- Title: Prince Caspian
- Adapted for the stage by: Damien Atkins
- Based on the novel by: C.S. Lewis
- Director: Molly Atkinson
- Actors: Kiana Woo, Kyle Blair, Marla McLean, Andrew Lawrie
- Company: Shaw Festival
- Venue: Royal George Theatre
- City: Niagara-on-the-Lake, Ont.
- Year: Runs to Oct. 8
When the Pevensie children are suddenly transported back to Narnia at the beginning of Prince Caspian, only a year has passed in their lives in England since their last visit – but over 1,000 years of history have taken place in the magical land that they once ruled as kings and queens.
It’s not that difficult to relate to their experience, really. While it’s only been four human years since the Shaw Festival last staged a theatrical adaptation of one of C.S. Lewis’ seven classic children-oriented chronicles of Narnia (originally published between 1950 and 1956), owing to the pandemic, it feels as if roughly a millennium has gone by since The Horse and His Boy was seen in the Festival Theatre in 2019.
So, I, for one, appreciated all the recapping that kicks off Prince Caspian – as adapted with eloquence by playwright Damien Atkins, and staged with vigour by Molly Atkinson in a jam-packed production currently on at the more intimate Royal George Theatre. Up to a point, anyway.
The Doctor (Fiona Byrne), who is half-human and half-dwarf, is the first narrator of the show. She speaks directly to the audience, noting sagely that going to the theatre is not unlike walking through a wardrobe into another fantastical dimension.
The next narrator is a dwarf named Trumpkin (Shane Carty) who fills in the four Pevensie siblings Peter (Kyle Blair), Susan (Marla McLean), Lucy (Kiana Woo) and Edmund (Andrew Lawrie) on everything that has take place in the realm of the great Aslan the Lion since the events of The Lion, The Witch and the Wardrobe, after they are suddenly summoned to the ruins of their old castle.
To briefly sum up Trumpkin’s summary: A group of humans known as the Telmarines conquered Narnia centuries ago – and all of its magical creatures fled into a forest.
Prince Caspian (Michael Man), a relatively nice Telmarine set to be the 10th king in his line, might have been open to giving the land back to its original caretakers when crowned – but his evil uncle Mraz (Sanjay Talwar) attempted to murder him and he has now gone into exile in the forest as well.
The young prince is now about to lead an army of so-called Old Narnians in rebellion to Mraz. These include a badger named Trufflehunter (Patty Jamieson), a centaur named Glenstorm (Qasim Khan) and a feisty French mouse named Reepicheep (Jade Repeta) to name only a few.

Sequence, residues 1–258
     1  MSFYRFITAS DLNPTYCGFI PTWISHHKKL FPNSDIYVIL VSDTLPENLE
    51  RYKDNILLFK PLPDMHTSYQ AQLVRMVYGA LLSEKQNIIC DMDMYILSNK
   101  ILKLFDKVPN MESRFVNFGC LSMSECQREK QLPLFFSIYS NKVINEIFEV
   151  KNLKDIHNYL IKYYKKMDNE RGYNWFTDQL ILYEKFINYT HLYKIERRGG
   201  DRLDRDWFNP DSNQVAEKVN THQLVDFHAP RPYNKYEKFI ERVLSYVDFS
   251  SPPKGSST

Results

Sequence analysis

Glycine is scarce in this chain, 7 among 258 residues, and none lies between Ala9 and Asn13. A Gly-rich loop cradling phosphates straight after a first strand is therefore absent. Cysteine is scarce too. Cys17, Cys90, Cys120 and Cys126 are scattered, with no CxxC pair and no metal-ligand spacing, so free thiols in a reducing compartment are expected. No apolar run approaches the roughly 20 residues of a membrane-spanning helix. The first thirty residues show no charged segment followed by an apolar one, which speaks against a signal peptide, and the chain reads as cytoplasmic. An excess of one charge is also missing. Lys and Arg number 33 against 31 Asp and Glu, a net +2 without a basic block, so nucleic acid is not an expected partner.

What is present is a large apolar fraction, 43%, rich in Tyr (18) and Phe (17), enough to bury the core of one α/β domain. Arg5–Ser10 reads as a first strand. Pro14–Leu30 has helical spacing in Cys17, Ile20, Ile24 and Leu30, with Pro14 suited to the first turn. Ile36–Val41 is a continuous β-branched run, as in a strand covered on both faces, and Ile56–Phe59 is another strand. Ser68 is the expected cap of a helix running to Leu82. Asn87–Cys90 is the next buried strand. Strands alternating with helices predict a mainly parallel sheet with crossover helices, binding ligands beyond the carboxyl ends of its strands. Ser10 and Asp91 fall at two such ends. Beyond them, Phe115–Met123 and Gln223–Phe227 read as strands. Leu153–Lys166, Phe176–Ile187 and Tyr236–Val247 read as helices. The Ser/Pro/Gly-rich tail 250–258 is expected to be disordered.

While Atkins attempts to make all this backstory and the character introductions feel alive on stage, there’s still an awful lot of exposition to get through. The whole first act of the play feels like a series of prologues.
After intermission, however, Prince Caspian’s plot really takes off in the present tense as the battle between the Old Narnians and the Telmarines truly begins. There are only 11 actors in Atkinson’s production but you might think there are many more in this succession of sword fights because of all the quick costume changes.
Designer Cory Sincennes has created some fun and fresh outfits for the Narnian talking animals and mythical creatures, and the ones with mechanical elements are particularly delightful. The centaur, for instance, fights not only with a spear, but with his hind legs – and the young matinee audience I saw the show with burst into spontaneous cheers when he kicked the Mraz out of a couple of evil faceless knights.
But what of the Pevensie children? Well, Peter, Susan, Lucy and Edmund spend much of the second act trying to find their way to the front to help out Caspian and his crew.
Lucy sees Aslan the Lion (Khan again in another beautiful semimechanical costume) leading them to where they need to go, but her siblings do not and refuse to listen to her – and so they all end up lost.
The Christian allegory in this storyline, with Aslan as the Jesus figure, is entirely clear, but there are also elements that seem in tune with the modern mantra about the need to #BelieveWomen (and, of course, #BelieveGirls). The parallels between Lewis’s postwar Anglicanism and the contemporary social justice movement are intriguing.
Woo, as Lucy, gives Prince Caspian’s central performance, a strong one showing how she grows up and learns to assert herself without losing her ability to tune in to the magic of Narnia.
The more than a dozen other characters in this play adaptation have weaker character arcs, however – or none at all, and simply play their roles as good or evil in this dimly lit, dark chapter of the saga. (I was grateful for the levity supplied by Lawrie and Repeta in their roles – and uncertain why everyone else was so relentlessly serious about everything and sporting British accents to boot.)
Prince Caspian seems a strange story staged in isolation; the book frequently ranks among readers’ least favourite, perhaps because of the deep disconnect between the children’s narrative and the story of Prince Caspian. It’s a direct sequel to The Lion, the Witch and the Wardrobe and enough time has passed since Shaw Festival artistic director Tim Carroll staged a version of that – at the Stratford Festival in 2016 – that it’s surprising the company did not reboot with that popular chapter to save on some of the recapping.